Two worthwhile programs on CNN tonight. Tonight at 7pm Eastern (that's 4pm Pacific) Glenn Beck on CNN Headline News will have a one-hour special on terrorism called "The Extremist Agenda". Then at 10pm Eastern (7pm Pacific), Anderson Cooper, who's always worth watching, will do a special on Iraq; Iranian freedom activist Cyrus Kar is going to be on, according to this activist site. (CNN)

Commentary. Who is this woman running the State Department? She's starting to sound like Condoleezza Rice ... I mean the OLD Condi we used to know and love. Let's hope she sticks around.

With the Iranian issue coming to the forefront, I think the Atlantic Ocean is going to start looking a lot wider. I wrote yesterday that I didn't have any comments on Tony Blair's speech, but there is one thing that kind of jumps out at me: it's where Blair says of the Iranian regime
To be fair, they have a genuine, if entirely misplaced fear, that the US seeks a military solution in Iran. They don't.

Blair's assessment of Washington's goals may or may not be accurate; but since when does the British Prime Minister speak on behalf of Washington? If I were the Bush Administration, I'd be irked. Heck, I'm irked just as an American citizen.

I hope the IRI's influence doesn't spread to Washington the way it appears to have done in London. Gateway Pundit suspects two IRI sympathizers, Houshang Amir Ahmadi and Hamid Dabashi, of infiltrating the Baker Iraq Study Group. Gee, what do you suppose they'll recommend?


Gay Palestinian Beaten at Pride Rally

Via American Thinker, Bookworm Room links to this story at SFGate:
A group of gay Palestinian Americans canceled a planned pride march in East Jerusalem on Friday after one of them was beaten unconscious by a local man who said he was from the Waqf Muslim religious authority.

The beating incident occurred on the same day an Israeli gay pride rally went ahead as scheduled, though without a planned march through city streets. The march had been called off after threats by religious and right-wing opponents to mount huge counterdemonstrations. Only minor violence marred the event. ...

In the East Jerusalem beating, two men -- one wielding a knife -- came looking for the group of gay Palestinian Americans who were staying at the Faisal Hostel near the Damascus Gate of the Old City. One of the assailants identified himself as being from the Waqf, the clerical trust that administers Muslim religious sites in the city.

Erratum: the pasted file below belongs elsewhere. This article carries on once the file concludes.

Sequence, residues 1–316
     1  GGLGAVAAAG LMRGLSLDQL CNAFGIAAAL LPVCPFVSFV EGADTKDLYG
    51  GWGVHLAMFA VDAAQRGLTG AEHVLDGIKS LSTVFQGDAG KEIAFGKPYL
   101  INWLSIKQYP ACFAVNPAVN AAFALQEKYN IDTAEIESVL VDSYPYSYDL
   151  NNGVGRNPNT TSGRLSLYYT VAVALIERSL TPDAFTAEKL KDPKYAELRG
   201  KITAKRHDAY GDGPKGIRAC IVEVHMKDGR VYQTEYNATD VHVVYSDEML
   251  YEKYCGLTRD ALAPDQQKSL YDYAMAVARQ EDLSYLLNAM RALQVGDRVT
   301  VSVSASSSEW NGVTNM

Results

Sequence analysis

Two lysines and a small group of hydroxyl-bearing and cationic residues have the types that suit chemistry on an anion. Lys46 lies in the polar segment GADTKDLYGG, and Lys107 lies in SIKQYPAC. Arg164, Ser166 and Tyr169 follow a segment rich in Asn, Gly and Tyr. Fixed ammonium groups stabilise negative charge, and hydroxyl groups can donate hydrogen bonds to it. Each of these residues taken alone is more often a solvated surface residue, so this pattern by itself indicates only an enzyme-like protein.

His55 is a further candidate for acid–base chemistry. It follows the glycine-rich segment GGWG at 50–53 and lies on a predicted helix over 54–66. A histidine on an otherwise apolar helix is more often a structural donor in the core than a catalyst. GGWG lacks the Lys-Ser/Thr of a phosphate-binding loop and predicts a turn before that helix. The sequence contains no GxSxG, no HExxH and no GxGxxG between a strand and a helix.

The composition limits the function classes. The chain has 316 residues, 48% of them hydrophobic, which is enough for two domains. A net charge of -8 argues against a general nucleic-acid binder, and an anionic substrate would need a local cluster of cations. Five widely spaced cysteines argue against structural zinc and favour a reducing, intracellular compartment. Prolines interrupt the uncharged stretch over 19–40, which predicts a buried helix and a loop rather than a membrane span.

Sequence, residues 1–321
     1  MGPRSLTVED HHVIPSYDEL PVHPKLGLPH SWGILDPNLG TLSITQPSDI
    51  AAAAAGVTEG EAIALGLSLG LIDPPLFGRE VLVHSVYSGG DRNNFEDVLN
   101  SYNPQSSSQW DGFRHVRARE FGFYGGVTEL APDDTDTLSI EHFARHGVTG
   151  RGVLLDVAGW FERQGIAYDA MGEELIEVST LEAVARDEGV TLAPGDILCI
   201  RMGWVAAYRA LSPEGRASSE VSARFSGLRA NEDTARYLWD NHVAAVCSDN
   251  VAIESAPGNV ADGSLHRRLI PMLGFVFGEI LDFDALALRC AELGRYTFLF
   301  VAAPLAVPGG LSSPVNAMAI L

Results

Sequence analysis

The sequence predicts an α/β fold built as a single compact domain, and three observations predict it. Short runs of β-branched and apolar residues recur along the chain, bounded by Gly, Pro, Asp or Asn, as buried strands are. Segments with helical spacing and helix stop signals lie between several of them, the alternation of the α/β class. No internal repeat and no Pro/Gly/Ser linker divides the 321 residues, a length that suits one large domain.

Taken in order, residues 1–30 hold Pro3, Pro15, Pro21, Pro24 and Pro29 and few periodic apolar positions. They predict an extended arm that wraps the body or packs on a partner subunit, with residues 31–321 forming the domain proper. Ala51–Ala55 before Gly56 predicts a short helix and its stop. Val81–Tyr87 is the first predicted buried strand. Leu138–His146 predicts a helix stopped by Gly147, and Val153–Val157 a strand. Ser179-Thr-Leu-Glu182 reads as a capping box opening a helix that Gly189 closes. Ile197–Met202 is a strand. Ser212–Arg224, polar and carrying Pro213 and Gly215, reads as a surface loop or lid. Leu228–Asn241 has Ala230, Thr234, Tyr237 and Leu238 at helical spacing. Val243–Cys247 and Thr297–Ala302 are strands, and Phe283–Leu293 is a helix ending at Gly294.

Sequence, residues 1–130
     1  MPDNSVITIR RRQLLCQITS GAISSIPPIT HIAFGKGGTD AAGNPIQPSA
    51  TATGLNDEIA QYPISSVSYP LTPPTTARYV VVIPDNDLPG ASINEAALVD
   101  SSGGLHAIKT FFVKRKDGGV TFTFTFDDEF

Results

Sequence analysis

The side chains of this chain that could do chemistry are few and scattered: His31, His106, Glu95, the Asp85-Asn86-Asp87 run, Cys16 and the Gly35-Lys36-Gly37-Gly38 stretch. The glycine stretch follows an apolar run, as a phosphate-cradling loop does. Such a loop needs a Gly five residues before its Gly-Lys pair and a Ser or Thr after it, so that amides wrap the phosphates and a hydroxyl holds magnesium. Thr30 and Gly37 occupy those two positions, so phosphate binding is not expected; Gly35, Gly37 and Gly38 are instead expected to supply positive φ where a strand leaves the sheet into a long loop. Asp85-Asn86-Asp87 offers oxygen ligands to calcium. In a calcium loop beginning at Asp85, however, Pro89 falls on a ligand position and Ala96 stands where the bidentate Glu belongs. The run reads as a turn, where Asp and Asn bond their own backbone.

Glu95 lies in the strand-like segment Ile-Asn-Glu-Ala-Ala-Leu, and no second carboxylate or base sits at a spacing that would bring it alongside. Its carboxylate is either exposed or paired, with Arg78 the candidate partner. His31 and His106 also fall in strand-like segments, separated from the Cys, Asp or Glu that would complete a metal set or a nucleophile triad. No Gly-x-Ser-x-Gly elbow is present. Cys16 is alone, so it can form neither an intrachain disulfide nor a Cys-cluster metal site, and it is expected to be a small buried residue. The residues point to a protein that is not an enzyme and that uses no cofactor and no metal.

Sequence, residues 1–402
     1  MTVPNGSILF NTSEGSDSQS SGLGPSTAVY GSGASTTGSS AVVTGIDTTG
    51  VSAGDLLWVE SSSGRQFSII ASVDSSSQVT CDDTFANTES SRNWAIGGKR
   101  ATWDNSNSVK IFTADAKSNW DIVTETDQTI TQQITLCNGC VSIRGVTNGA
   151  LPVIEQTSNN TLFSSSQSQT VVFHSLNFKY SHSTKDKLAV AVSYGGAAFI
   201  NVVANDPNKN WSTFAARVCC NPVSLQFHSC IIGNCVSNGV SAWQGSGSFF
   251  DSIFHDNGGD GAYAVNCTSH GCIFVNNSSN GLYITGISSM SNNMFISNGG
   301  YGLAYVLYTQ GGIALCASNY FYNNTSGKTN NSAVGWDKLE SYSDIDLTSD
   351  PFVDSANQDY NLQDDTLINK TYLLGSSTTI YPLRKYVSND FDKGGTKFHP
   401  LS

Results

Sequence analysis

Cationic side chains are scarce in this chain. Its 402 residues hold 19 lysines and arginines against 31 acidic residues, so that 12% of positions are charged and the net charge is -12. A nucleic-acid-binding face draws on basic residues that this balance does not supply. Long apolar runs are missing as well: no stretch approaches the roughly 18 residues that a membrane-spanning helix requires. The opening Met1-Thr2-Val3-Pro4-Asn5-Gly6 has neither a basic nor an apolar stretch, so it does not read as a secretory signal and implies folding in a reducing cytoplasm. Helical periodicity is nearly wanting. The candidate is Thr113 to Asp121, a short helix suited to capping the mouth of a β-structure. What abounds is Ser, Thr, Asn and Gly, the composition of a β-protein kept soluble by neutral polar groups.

"I'm pretty terrified right now," said Daoud, an MBA student from Detroit who declined to give his full name. "We left the hostel immediately, but when my friend went back to collect some things, they were waiting for him. They asked if he was with 'the homos' and then started beating him." ...

Daoud said nine gay Palestinian Americans had come to Jerusalem to join the pride march. "Maybe I was just being naive. I heard about the pride rally, and I thought it would be nice for us to do something together as a gay community," he said. "We got a different kind of reception instead."

In America, he said, "you have some tolerance and appreciation and understanding of what it means to be gay and to be a Palestinian. We're discovering the hard way it's not so acceptable here."

I won't adopt the sneering tone I've seen some conservative commentators take toward incidents like this, as if it's all a big joke. But it does speak volumes about the gulf between free societies and repressive ones. I'm glad Daoud wasn't injured more seriously. And I'm glad these guys are waking up to the homophobia that's still rampant and dangerous in the Arab-Muslim world - even if it was a rude awakening.

Jerusalem Gay Pride Wrap-Up

In the end, the event was held in a stadium.

A few thousand gays and their supporters rallied in Jerusalem on Friday under heavy security, going ahead with a festival that has sparked religious protests and highlighted deep divisions in Israeli society.

... Organizers had planned a gay pride street parade but cancelled it after police said they needed to beef up security to guard against threatened Palestinian attacks following a deadly Israeli army shelling attack in Gaza this week.

Ultra-Orthodox Jews had also threatened to disrupt the march through the holy city. There have been nightly protests in Jerusalem's religious neighborhoods against the parade.

...Police said they arrested several religious youths near the venue who were carrying knives and brass knuckles. There were also a few minor scuffles between right-wing opponents of the event and gay rights activists in the city but little violence.

Arutz Sheva:
Event organizers reported that some 4,000 people attended Friday’s gay pride event in the Givat Ram area of the capital. About 3,000 policemen were on hand to maintain law and order. There were no serious disturbances reported.